It is urgent that strong measures be taken against such individuals and that all citizens of Le Cap are enrolled into the ranks so that the length of time individuals are placed on guard duty is reduced and they are saved from excessive fatigue. In consequence, it is ordered that all citizens resident in Le Cap who, without legitimate motive, have not been enrolled in the National Guard must present themselves without delay before Commandant Toussard and be placed in a company for active service.

Weapons will be issued to them by the captain of the company in which they will serve.

Employees of the administrative offices will be placed in the Administrative Company. Entry in to the company of Sailors and Foreigners is reserved exclusively for those who are not French, and who find themselves temporarily in Le Cap, and sailors employed on land but who serve in the navy.

Exemption from active duty can only be obtained by those who are sick or infirm and they need to be supplied with a certificate by a medical officer of the National Guard and which states the nature of their illness or infirmity and confirms that they are not fit to serve at all or are not fit to serve for a stated period. Such a certificate will only be valid if signed by myself and by Commandant Toussard.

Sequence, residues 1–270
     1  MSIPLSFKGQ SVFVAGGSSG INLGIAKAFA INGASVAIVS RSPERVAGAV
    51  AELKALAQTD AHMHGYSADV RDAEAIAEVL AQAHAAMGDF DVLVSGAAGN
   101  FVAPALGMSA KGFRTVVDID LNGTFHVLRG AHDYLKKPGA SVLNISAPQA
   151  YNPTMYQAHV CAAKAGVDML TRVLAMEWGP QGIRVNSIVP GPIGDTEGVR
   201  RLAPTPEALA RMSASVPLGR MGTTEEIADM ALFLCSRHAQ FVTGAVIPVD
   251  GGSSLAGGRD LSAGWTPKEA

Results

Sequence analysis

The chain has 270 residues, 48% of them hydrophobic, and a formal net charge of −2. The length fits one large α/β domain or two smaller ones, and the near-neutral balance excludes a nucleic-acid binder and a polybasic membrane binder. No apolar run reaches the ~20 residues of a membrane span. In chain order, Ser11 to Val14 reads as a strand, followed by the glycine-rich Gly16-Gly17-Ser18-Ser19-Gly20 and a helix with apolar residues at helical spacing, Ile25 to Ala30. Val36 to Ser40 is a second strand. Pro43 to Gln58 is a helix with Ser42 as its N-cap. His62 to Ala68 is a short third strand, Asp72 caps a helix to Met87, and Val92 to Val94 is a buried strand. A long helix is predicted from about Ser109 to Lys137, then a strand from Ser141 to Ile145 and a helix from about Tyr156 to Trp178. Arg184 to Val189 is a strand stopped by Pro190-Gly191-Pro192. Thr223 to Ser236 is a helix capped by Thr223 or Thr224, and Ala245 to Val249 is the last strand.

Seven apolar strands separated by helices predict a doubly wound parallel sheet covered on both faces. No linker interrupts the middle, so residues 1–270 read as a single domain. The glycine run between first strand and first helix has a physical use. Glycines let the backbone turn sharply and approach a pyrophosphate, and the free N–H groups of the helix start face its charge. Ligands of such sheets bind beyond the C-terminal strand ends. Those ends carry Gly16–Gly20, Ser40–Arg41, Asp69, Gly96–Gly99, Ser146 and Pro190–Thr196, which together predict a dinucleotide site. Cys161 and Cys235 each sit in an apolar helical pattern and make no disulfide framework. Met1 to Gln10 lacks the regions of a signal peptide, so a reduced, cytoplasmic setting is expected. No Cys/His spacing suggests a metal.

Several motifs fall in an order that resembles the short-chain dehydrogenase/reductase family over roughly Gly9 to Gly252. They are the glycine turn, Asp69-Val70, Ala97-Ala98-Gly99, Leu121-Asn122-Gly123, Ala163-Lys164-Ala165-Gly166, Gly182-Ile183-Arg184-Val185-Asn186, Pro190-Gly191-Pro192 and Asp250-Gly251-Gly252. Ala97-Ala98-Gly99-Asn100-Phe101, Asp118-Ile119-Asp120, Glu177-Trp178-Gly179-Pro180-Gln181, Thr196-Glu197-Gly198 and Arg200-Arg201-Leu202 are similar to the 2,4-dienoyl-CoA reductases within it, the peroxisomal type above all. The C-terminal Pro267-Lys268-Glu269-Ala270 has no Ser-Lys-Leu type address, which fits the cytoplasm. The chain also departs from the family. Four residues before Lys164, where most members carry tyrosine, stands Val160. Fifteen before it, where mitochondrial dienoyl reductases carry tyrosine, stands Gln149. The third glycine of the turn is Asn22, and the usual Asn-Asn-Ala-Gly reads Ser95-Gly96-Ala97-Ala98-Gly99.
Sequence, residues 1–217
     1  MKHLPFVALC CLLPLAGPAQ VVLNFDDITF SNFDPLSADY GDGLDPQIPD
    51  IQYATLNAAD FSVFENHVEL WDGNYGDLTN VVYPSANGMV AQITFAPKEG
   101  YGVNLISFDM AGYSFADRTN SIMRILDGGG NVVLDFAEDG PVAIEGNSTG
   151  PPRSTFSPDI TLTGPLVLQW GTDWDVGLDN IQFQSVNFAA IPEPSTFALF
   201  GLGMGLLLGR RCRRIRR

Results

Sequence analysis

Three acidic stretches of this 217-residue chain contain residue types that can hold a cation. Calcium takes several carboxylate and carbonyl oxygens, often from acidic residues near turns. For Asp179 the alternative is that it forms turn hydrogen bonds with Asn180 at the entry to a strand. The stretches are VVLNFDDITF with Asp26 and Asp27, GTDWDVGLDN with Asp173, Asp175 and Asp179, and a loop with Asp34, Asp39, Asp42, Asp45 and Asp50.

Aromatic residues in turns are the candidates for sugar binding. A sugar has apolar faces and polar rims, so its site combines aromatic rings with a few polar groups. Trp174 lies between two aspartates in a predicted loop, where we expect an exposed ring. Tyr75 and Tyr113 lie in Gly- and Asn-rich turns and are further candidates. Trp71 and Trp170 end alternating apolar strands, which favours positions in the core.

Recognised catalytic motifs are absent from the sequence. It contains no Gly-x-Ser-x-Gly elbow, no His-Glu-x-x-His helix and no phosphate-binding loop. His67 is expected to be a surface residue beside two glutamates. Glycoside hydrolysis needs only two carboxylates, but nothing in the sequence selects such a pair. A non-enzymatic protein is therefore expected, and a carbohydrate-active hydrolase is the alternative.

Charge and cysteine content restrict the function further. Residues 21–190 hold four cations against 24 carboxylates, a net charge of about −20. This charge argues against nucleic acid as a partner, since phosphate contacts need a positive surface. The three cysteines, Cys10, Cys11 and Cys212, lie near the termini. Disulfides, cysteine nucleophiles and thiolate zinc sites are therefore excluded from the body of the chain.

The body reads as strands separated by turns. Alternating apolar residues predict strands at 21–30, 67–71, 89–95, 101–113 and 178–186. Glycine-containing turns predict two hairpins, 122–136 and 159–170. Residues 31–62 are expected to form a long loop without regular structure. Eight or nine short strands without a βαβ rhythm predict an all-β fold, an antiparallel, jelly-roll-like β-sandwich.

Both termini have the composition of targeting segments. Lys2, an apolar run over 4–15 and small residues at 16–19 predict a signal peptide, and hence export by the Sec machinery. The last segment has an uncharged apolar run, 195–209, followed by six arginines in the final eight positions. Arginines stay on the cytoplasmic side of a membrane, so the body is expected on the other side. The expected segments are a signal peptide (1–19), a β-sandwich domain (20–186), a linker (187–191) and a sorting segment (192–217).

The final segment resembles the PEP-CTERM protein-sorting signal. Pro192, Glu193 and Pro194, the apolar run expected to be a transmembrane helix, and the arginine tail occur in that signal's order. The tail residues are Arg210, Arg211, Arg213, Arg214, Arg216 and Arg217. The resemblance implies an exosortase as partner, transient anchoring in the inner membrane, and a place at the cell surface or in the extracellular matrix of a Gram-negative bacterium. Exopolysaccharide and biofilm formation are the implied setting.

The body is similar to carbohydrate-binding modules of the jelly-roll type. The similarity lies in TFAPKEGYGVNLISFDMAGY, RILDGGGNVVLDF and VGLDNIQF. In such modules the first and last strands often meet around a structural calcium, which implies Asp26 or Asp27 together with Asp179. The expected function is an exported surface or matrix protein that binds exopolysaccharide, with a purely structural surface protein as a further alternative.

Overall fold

The most strict measures will be taken against anyone who has not acted upon these orders within three days. When this period has expired, such individuals will be arrested, condemned to prison for a month plus one month hard labour in the arsenal.

I urge all good citizens to inform me if they know of anyone seeking to evade these orders and measures will be taken against them. Seen and approved by General Clauzel.”